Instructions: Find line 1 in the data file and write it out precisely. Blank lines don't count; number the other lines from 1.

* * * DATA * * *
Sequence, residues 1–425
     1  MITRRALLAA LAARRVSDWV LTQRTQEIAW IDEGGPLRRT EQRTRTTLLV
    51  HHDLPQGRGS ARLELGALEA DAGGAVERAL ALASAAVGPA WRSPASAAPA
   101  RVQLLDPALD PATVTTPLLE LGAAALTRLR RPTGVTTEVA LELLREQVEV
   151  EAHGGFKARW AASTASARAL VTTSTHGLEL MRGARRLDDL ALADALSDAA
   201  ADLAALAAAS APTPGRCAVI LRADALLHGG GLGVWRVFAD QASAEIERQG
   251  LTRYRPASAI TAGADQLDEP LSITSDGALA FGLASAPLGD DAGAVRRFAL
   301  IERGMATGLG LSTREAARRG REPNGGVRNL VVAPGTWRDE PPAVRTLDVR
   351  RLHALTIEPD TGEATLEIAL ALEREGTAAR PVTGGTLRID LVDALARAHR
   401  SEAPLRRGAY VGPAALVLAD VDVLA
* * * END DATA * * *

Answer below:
Sequence, residues 1–425